From “Game-like Realism” to the “Imagination-oriented Aesthetic”: Reconsidering Bourdieu’s Contribution to Fan Studies in the Light of Japanese Manga and Otaku Theory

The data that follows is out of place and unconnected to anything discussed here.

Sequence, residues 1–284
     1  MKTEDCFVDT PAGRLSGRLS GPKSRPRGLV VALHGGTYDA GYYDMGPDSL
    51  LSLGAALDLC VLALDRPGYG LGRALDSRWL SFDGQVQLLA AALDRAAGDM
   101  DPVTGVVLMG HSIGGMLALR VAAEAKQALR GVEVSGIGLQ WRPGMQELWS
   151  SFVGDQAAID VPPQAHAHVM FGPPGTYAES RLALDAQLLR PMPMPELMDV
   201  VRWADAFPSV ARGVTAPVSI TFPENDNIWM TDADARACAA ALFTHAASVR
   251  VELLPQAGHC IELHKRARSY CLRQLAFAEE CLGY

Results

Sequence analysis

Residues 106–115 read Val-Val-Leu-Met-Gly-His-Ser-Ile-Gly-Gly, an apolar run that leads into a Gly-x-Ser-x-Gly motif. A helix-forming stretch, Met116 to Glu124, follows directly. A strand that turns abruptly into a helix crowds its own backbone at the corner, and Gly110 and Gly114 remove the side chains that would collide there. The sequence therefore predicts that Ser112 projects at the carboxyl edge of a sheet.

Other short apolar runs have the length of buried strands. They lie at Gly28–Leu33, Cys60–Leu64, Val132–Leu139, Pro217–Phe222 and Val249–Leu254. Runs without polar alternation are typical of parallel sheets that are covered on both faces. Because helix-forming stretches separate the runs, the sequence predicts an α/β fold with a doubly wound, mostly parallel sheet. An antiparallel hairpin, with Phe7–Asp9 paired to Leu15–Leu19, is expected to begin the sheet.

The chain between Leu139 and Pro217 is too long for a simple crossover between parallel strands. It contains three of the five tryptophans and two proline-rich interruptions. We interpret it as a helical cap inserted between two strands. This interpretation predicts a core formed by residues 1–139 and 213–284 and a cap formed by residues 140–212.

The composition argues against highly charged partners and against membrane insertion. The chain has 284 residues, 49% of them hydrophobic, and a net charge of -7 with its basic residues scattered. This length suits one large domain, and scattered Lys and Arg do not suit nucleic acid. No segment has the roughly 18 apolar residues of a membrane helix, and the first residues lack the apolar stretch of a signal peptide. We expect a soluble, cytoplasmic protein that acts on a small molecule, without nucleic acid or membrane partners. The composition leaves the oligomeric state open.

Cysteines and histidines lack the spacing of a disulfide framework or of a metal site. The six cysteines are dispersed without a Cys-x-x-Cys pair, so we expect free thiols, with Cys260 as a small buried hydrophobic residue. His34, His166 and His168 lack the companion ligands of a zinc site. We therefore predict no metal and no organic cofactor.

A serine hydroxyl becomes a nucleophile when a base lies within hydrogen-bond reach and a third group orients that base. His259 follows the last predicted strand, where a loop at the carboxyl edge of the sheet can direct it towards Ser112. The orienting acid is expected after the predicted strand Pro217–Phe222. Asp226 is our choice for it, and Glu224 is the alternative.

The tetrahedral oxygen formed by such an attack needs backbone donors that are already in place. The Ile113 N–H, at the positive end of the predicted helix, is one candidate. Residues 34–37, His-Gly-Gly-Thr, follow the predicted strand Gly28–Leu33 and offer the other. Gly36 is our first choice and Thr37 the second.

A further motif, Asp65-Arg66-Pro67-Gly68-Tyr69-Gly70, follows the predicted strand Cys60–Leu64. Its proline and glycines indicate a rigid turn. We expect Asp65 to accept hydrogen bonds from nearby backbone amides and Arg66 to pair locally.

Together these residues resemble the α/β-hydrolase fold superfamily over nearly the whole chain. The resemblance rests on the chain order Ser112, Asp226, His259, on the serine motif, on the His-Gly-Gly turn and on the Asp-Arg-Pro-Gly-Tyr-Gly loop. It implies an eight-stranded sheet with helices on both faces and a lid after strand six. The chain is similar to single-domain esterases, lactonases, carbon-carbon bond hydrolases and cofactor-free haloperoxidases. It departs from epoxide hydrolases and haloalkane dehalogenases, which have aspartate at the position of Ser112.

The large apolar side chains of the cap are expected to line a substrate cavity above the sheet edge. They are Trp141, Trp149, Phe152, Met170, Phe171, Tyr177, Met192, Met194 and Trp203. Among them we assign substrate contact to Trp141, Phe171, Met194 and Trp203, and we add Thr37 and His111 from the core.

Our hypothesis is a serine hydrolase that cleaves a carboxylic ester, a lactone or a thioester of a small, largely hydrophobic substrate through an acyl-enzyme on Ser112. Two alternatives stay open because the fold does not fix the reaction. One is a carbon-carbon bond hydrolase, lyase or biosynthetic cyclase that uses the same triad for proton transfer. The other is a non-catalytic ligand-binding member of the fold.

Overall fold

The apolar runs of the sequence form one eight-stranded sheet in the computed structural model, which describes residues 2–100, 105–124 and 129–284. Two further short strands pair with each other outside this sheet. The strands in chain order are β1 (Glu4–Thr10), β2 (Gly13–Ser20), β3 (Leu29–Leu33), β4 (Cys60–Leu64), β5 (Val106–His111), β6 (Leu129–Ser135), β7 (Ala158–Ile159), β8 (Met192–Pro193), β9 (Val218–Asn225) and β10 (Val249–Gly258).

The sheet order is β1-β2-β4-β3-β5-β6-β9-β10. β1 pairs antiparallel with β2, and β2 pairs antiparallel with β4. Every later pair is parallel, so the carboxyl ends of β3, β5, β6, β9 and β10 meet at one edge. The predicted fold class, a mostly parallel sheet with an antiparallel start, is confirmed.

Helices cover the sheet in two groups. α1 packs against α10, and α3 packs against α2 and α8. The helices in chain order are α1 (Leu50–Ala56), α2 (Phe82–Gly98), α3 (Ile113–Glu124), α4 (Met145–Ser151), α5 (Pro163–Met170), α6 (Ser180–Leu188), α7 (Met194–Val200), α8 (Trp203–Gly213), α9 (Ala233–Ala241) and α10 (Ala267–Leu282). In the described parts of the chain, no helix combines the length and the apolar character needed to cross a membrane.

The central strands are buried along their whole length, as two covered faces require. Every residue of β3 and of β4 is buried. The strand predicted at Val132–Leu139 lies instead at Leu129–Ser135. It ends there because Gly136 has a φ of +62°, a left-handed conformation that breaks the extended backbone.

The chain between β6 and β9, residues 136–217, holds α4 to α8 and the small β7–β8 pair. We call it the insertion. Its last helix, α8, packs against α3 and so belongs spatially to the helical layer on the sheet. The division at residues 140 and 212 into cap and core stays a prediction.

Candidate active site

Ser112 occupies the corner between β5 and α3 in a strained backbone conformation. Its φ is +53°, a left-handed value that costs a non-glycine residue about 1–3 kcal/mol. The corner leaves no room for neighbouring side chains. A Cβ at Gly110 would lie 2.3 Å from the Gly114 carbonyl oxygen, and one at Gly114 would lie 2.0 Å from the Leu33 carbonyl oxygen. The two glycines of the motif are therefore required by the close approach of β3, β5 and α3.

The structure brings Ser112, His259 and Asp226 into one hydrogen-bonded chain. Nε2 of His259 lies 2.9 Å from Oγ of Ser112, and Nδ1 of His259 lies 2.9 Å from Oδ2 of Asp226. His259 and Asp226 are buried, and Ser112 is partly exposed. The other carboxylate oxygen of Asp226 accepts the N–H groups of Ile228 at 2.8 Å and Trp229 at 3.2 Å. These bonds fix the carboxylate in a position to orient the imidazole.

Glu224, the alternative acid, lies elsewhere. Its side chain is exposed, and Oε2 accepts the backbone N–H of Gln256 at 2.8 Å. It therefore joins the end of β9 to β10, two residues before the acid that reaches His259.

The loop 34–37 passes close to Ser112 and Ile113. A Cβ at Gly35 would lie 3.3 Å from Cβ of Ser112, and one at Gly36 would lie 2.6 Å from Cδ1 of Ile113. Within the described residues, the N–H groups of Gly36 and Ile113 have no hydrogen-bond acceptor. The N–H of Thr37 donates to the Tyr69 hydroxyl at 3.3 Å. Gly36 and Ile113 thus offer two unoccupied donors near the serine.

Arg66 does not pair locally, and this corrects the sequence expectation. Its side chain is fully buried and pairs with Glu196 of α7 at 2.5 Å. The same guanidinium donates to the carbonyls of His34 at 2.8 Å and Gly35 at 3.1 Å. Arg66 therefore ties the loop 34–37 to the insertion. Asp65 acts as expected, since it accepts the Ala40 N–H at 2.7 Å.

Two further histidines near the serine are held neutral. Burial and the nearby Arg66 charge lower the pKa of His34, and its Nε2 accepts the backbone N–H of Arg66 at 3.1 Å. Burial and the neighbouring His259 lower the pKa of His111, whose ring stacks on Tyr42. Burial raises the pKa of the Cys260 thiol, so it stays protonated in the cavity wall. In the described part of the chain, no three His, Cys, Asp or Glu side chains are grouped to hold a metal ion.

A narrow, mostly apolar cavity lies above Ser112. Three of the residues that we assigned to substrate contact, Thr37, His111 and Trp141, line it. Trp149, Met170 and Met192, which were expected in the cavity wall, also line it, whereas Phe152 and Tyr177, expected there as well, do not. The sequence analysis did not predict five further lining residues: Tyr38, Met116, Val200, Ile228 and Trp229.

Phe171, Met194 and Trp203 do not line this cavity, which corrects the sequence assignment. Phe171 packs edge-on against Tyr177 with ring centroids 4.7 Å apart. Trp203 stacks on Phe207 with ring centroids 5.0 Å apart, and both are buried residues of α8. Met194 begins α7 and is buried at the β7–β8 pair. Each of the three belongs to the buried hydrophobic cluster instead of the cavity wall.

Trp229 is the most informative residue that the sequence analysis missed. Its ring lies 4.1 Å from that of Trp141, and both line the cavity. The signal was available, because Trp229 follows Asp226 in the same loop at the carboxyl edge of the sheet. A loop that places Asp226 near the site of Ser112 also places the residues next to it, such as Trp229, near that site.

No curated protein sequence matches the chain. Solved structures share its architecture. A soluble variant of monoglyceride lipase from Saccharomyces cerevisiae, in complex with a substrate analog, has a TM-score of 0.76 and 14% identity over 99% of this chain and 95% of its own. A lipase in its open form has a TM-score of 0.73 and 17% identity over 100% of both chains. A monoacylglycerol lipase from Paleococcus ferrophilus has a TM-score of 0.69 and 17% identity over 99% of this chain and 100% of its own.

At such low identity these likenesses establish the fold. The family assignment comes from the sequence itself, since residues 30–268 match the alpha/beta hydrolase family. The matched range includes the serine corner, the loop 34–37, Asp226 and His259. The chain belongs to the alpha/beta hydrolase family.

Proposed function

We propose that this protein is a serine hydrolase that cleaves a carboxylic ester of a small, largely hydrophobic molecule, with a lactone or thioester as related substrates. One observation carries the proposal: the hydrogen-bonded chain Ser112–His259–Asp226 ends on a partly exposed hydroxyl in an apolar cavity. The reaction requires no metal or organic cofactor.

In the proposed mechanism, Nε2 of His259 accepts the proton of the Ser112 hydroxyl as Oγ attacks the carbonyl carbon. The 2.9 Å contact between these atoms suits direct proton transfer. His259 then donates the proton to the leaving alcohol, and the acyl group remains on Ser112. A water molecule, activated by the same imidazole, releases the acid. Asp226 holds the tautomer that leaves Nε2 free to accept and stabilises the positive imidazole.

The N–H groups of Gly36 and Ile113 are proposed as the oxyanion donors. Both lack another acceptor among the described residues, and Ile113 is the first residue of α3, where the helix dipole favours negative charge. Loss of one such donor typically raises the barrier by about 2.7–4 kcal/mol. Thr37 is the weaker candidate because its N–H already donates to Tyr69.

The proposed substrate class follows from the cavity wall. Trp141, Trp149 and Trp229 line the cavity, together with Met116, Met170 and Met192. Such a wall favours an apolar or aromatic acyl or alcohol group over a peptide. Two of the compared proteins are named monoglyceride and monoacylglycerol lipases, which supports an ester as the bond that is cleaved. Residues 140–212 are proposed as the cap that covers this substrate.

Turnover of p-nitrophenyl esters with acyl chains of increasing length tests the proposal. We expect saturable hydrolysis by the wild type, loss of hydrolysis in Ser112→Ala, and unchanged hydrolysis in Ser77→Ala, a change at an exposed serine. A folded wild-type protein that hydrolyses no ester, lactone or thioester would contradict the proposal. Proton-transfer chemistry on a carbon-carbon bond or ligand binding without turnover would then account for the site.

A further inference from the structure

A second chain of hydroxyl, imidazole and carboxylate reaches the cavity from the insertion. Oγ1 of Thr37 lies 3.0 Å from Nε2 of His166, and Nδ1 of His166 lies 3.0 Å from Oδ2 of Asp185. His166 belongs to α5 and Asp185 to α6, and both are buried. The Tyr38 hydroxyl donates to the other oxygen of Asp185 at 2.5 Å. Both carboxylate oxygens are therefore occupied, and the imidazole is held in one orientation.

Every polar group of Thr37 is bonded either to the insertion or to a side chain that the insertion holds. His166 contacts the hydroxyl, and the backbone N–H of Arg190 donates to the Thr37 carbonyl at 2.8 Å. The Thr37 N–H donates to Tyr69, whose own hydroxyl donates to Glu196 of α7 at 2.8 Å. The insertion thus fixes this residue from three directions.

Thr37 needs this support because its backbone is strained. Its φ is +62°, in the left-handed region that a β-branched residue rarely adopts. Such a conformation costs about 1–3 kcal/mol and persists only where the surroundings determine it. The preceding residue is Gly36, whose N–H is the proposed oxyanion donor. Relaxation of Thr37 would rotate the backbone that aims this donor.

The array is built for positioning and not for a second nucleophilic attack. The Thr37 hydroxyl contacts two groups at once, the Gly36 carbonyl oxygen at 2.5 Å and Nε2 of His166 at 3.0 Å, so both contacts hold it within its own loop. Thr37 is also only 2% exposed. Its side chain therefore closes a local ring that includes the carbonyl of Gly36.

Following Casey Brienza’s call for drawing on Japanese “otaku theory” in order to further comics studies, the present article demonstrates how the wider interrelated discourse around anime, manga, and otaku can be productively related to fields such as Western fan studies. Focusing on Azuma Hiroki’s book The Birth of Game-like Realism this paper both highlights the theoretical richness of works which have yet to be translated into English, and emphasizes the importance of manga research – in this case Itō Gō’s book Tezuka is Dead – beyond the confines of manga/comics studies. Building on a novel reading of Azuma’s framework introduced in the present article the now mostly overlooked tension in fan cultural practices pointed out by Henry Jenkins in Textual Poachers in relation to Pierre Bourdieu’s concepts of pure and popular aesthetic disposition is reexamined. Drawing on the framework of game-like realism, this paper introduces the imagination-oriented aesthetic disposition, and demonstrates how this disposition could account for the mix of characteristics found in fan practices. The relevance of such a reevaluation of Bourdieu’s possible contribution to fan studies lies in the potential to move beyond the currently dominant frameworks of psychology and psychoanalysis when addressing the problem of fantasy and reality in relation to fan engagement.